A Passion for Pulp
Newkirk says that she felt prepared for her own corporate venture by her classes at Kelley, where she learned success "was more about how to think than how to do it. There's no set track. It was 'here's the experience, now you apply it,'" she adds.
Erin Newkirk, MBA'99, had a Wheaties-fueled rise to a top-notch marketing job at General Mills Inc., where she first rode herd on the company's breakfast brands, then its El Paso products.
But the Minneapolis resident's passion was pulp, as in paper, so with a former co-worker, she founded Red Stamp (redstamp.com), an online card and stationery store, with a soft launch in 2004.
Newkirk and her business partner, Renee Walter, both working mothers, left their corporate jobs in 2007 to devote full-time efforts to growing Red Stamp. The idea for Red Stamp was Walter's, inspired by the cards and notes she'd received from Newkirk.
The unique service and exclusive products have garnered the on-line boutique mention in local media, Money and Parenting magazines and Jean Chatzky's 2005 gift guide on NBC's "Today."
Newkirk says people have tired of cold, coded electronic correspondence and returned to the warm nature of pen and paper missives. Along with invitations and note cards, Red Stamp carries desk accessories, hounds-tooth patterned clipboards, file folders with a collage of Paris images, pens and pencils, stationery and frames. The company also offers a calendar service to help clients keep track of birthdays, anniversaries and other important dates, and a writing service for business executives who think sending a handwritten note is an important part of their communications strategy. The website proclaims the currency of communications is paper.
Leaving the comfort of the corporate world to start her own business "was scary, but we had risks identified and it was really exciting. There are days I miss a big corporation, but this is exciting and more personal. It wasn't a tough decision to make," Newkirk notes. Enabling the venture is a silent partner who provided major financing for inventory and start-up and the recent expansion of products and services.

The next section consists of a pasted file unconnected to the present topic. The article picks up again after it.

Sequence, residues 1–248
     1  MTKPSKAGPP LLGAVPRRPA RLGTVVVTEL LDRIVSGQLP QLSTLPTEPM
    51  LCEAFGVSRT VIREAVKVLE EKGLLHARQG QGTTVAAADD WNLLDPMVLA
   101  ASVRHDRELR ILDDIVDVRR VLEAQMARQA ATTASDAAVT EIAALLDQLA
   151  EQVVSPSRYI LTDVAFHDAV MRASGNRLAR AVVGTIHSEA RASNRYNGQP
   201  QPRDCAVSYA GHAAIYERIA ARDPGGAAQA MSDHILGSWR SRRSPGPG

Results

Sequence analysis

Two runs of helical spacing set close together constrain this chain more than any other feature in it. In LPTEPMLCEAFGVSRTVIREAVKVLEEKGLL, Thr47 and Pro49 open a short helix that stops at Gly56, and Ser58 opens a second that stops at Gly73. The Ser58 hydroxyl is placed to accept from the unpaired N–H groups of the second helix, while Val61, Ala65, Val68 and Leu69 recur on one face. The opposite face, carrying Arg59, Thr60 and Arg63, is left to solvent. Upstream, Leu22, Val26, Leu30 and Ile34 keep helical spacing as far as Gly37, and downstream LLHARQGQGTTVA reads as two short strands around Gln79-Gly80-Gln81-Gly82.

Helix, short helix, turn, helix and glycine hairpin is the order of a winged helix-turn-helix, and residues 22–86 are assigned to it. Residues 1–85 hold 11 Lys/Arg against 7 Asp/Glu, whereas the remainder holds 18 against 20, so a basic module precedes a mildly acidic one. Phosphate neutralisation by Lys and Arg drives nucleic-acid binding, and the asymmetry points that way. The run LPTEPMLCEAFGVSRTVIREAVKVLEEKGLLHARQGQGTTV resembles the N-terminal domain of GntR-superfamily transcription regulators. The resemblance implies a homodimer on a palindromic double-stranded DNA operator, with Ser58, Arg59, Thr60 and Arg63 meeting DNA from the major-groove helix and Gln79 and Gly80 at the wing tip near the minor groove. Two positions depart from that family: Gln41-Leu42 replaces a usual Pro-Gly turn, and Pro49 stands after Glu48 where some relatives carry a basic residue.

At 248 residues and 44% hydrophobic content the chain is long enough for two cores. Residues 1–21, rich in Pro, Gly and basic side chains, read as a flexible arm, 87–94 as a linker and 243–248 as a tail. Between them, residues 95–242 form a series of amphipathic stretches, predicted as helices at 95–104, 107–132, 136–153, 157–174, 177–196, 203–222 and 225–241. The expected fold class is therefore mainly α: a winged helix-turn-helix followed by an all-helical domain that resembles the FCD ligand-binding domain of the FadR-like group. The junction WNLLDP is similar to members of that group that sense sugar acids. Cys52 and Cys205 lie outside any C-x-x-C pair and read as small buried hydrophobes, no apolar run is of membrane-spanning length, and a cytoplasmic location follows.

Newkirk says that she felt prepared for her own corporate venture by her classes at Kelley, where she learned success "was more about how to think than how to do it. There's no set track. It was 'here's the experience, now you apply it,' "she adds. She grew up in Grosse Pointe, Mich., and was living in Chicago when she heard about the Kelley program. One visit and "I fell in love with the school."
The privately owned Red Stamp capitalizes on Newkirk's upbringing in Grosse Pointe, where "social cards, engraved invitations and properly worded thank-you notes" were a part of everyday etiquette. Besides Newkirk and Walter, the company has one fulltime and three part-time employees.
The partners are considering a storewithin-a-store concept, where Red Stamp would have space inside another retailer to sell products. They are exploring Minneapolis and other markets in New York and California. Although Red Stamp will always be an online enterprise, this plan could create a street presence by offering consumers an opportunity to touch and feel quality paper, something Newkirk thinks will ring up even more sales.
"I think having a passion for what you are doing is really important," she explains. "We tested out the market and found we could marry our passion with a need in the marketplace."